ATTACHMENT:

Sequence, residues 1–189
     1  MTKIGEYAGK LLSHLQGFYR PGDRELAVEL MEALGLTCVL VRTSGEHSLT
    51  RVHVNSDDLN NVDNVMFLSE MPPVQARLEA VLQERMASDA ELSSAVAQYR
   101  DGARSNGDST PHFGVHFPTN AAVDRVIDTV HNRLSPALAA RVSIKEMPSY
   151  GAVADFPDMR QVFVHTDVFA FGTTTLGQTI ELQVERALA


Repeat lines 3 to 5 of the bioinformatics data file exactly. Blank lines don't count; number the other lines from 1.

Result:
    51  RVHVNSDDLN NVDNVMFLSE MPPVQARLEA VLQERMASDA ELSSAVAQYR
   101  DGARSNGDST PHFGVHFPTN AAVDRVIDTV HNRLSPALAA RVSIKEMPSY
   151  GAVADFPDMR QVFVHTDVFA FGTTTLGQTI ELQVERALA